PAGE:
The Shetaxi service has evoked enthusiastic response from the public, surpassing even the expectations of the organisers.

As with any ambitious government scheme, this one too was greeted by cautious optimism at best. But when the ‘Shetaxi’ initiative was launched, with ‘Dial 859-00-00-543 for a safer journey’ as its catchline, not even the organisers, equipped with all their market analysis, anticipated the kind of overwhelming response they received.

Almost 2,500 calls were recorded at the call centre in the course of a month. While some called for curiosity’s sake, the rest of the calls translated into a total of 300 trips, 900 passengers and a total distance of over 20,000 km of journey. All these milestones were reached with a limited fleet of five cars and five women drivers.

The Shetaxi service and the technology-oriented systems it employs seem to put it light-years ahead in terms of speed and efficiency. But most importantly, it has become a regular fixture in the speed-dial list of the phones of many women as it guarantees a measure of safety with enterprising women at the wheel.

Anytime service

These five women have driven far beyond the limits of the capital district, with trips to Kochi, Kanyakumari, Tirunelveli, and Alappuzha requested by their clients. They have made over a 100 night journeys (between 6 p.m. and 6 a.m.). The state-of-the-art safety equipment and constant monitoring have allayed any apprehension of working after nightfall. “There is no reason to be worried,” says the senior-most of the group, Annie Surendran.

The world is not kind to woman drivers and Annie can vouch for that being a driving school instructor in the capital for 35 years. But the Shetaxi cars with their conspicuous logo and colour scheme emblazoned all over the Maruti Dzire sedans have turned the brand into a familiar symbol on the road. “It is so strange to find vehicles more disciplined towards me now. Earlier, there was no question of being granted space even if it was my right of way. Now, other cars move aside,” says Annie, still unused to the civil treatment that Shetaxi cars apparently evoke.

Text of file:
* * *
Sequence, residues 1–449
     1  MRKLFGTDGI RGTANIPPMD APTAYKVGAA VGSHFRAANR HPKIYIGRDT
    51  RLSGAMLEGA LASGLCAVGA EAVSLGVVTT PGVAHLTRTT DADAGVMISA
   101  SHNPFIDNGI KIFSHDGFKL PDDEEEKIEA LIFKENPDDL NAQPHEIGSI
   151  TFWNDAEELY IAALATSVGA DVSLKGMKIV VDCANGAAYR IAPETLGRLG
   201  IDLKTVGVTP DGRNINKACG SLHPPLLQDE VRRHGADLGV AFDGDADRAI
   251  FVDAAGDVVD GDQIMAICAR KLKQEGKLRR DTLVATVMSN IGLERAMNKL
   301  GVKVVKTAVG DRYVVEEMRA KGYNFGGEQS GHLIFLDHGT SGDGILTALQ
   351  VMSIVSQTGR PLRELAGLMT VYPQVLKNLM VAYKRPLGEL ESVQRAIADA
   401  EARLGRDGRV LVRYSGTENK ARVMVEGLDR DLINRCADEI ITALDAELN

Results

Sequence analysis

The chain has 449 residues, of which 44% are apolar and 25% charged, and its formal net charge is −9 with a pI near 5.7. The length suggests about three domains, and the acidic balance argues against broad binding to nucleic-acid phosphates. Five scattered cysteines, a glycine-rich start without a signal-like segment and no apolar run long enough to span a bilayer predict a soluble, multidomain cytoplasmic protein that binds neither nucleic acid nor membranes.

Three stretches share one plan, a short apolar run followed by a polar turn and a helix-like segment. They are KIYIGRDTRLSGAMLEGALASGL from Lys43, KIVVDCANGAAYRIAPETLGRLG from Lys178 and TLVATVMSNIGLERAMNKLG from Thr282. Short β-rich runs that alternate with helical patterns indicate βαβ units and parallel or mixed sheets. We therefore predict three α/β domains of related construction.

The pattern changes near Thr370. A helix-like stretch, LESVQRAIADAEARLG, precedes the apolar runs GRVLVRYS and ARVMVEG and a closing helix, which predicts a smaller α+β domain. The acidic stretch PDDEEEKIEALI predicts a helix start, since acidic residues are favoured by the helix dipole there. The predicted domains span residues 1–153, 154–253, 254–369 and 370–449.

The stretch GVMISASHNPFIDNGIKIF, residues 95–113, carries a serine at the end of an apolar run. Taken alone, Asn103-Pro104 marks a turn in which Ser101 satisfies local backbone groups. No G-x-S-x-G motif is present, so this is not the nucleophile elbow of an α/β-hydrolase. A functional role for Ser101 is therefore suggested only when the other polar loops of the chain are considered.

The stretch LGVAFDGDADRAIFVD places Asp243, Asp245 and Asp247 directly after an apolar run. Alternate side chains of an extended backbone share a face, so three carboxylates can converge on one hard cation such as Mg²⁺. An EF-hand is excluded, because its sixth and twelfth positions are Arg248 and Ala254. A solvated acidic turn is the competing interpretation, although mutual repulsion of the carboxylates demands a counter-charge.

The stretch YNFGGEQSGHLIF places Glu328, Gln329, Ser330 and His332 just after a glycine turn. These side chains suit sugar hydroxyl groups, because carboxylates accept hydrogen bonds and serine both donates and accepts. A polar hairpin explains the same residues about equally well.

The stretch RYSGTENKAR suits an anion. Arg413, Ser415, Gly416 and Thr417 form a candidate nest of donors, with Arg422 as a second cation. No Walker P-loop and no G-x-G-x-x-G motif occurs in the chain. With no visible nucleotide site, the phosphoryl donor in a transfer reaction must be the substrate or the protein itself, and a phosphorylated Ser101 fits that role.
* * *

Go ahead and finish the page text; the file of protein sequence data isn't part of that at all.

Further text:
To other cities

Seven more cars are being prepared for launch this month and the officials of the Gender Park under the Social Welfare Department are keen on branching off to Kochi and Kozhikode cities shortly. They are still evaluating applications from women drivers, according to project officer K.R. Ijas Khan.

The scheme is also being supported by the Kerala State Women Development Corporation and fleet management and technology solutions are offered by Rain Concert Technologies at Technopark. Maruti Suzuki is the vehicle provider.

Rain Concert Technologies chief executive officer Abhilash R. Pillai says the system is being constantly fine-tuned, and within another six months, the ultimate model, in terms of safety and revenue generation, can be achieved. Unconventional advertising models are being sought.

Complaints that the service is expensive have arisen, but Mr. Abhilash believes that a larger fleet will help reduce the rates. He also shares a few general trends they have observed — of pregnant women making use of the service to go to work or hospital visits and mothers using it for dropping or picking up their children early in the morning for tuitions.

The need for different kinds of cars has been raised as smaller journeys do not require boot space. Taxi pooling and mapping ‘business clusters’ or crowded spots are on the anvil. For instance, a vehicle lying idle near the airport can be sent to Shangumugham beach where visibility is high and advertisers can thus be lured.